I chose a therapist based on her write up – she appeared to value patience, self-kindness, resilience, and not having to carry our burdens alone. These seemed like very attractive things in the state of mind that I was in. She didn’t have any woo dog whistles or anything that might indicate that she was going to tie physical health to mental health (I rejected a few candidates who focused heavily of the body-mind connections. I’m fat and I don’t think yoga is going to solve all of my problems, so maybe let’s start somewhere else). Oh, and most importantly, she has experience dealing with workplace stress and has spent time in the corporate world. Ya know…the little things.
I got super lucky and like her fairly well. I started writing to her once every day or two, and she has always responded within 12-24 hours. I dumped a bolus of information about my situation on her, and one-by-one we started picking through the individual stressors. As we began to resolve those we found some patterns of behaviors and reactions that have popped up in other places in my life, and sometimes we spend some time examining those. I’m into my second month of chatting with her and it’s overall been a very helpful experience.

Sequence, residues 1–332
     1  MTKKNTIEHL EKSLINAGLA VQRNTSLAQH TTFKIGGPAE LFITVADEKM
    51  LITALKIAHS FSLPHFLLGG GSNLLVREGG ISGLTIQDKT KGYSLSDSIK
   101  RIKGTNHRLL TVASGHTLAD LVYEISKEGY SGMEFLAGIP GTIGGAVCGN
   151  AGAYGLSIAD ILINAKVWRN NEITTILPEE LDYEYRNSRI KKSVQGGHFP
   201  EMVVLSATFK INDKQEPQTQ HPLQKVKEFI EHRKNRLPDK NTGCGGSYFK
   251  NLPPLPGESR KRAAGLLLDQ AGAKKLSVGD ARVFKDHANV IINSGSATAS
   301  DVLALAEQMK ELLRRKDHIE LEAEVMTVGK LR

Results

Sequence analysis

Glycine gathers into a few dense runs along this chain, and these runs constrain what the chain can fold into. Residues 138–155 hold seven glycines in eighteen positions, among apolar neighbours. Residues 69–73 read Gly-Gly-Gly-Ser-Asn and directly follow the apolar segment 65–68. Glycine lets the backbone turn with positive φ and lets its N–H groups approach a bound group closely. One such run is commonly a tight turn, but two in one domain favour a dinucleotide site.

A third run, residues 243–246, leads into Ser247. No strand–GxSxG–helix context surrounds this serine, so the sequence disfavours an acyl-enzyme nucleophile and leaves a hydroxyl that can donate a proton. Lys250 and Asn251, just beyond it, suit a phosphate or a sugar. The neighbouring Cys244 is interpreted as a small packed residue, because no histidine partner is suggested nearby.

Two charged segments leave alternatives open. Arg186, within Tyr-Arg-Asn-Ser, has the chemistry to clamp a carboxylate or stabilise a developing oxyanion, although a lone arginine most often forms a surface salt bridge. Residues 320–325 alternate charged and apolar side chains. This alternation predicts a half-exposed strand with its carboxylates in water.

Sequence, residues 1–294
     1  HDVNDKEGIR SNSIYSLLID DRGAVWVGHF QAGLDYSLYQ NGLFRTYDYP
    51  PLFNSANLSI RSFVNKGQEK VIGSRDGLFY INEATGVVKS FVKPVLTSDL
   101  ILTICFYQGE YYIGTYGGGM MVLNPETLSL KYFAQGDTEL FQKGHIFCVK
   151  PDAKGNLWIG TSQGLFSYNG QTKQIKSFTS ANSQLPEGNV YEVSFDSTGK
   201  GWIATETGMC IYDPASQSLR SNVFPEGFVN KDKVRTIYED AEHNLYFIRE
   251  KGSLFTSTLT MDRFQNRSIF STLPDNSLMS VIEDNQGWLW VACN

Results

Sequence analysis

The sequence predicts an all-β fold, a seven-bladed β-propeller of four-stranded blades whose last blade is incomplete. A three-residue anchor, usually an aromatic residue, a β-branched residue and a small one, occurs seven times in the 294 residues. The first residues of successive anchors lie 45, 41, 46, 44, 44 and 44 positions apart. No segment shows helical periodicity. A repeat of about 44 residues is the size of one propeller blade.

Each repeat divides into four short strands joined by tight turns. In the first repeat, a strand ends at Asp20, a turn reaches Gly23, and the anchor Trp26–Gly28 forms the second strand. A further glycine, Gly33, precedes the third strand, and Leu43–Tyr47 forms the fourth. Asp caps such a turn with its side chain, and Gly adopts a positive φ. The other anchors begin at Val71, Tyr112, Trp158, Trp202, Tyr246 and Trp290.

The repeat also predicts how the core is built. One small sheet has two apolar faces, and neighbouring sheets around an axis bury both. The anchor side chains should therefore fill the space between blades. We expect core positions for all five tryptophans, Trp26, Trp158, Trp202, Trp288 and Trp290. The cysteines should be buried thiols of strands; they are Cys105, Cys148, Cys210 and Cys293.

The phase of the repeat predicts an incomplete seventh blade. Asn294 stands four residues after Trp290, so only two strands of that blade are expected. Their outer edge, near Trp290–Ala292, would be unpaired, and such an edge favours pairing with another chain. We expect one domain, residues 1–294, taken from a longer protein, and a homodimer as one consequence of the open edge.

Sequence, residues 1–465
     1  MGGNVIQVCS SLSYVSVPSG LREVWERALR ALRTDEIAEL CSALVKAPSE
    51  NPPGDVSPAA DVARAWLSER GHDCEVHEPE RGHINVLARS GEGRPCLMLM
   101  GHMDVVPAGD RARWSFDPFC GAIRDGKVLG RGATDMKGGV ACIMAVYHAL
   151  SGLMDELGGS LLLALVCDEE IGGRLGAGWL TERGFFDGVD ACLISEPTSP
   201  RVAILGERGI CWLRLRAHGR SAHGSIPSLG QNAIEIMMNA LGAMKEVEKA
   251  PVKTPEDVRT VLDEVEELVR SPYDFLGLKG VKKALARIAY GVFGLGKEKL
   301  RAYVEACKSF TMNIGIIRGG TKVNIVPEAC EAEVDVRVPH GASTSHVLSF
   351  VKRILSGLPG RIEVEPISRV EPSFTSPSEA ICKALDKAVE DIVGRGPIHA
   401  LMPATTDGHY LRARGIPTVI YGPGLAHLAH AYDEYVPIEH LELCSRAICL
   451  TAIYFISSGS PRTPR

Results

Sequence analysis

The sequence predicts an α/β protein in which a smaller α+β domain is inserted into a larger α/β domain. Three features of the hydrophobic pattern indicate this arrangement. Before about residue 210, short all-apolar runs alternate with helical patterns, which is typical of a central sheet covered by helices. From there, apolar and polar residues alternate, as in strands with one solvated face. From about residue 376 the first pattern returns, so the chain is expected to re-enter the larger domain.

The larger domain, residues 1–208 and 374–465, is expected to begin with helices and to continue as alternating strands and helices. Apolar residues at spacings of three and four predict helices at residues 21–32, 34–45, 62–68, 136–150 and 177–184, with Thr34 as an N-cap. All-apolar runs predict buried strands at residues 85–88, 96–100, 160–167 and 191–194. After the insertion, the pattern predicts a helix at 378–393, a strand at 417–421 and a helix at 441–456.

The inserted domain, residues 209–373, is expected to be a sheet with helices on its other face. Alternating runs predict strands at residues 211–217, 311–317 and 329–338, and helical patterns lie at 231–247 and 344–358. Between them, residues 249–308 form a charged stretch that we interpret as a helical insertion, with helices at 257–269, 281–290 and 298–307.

One immediate benefit of this therapy was that I was able to stop vomiting my emotions all over my close friends and family. That took a lot of guilt off my shoulders and now I can hang out and talk about things other than me and my troubles. My husband doesn’t have to shoulder the weight of a despondent, self-absorbed partner five days a week. He’s also not eating quite as well, but he thinks that’s a fair trade-off.
Having a therapist who I feel hears me and recognizes and validates my stress and emotions has been profoundly healing. It’s probably an appeal to authority, but when my friends say “you’re being very hard on yourself” it doesn’t have quite the same as effect on me as an unbiased professional saying “you’re being very hard on yourself.”
I’m also more focused on recognizing and sorting through my emotions in the moment. One of the benefits of the therapy app is that I can sit down in the moment and let all of the Very Big Emotions out in writing. I don’t have to save all of my thoughts up between physical sessions. Even if it’s mid-work day, I have a job where I can take a few minutes to write, feel better and then get back to work. I know that what I’ve written will be heard and responded to. I don’t feel alone with the stress.
On the whole, talk therapy via a therapy app has been really good for me – a fairly neurotypical person who decided to stop taking her mental health for granted and dedicate some time to examining and improving it.
I’d be interested to hear from people who have tried both remote therapy and face-to-face therapy. What were the pros and cons for you? Do you prefer one over the other?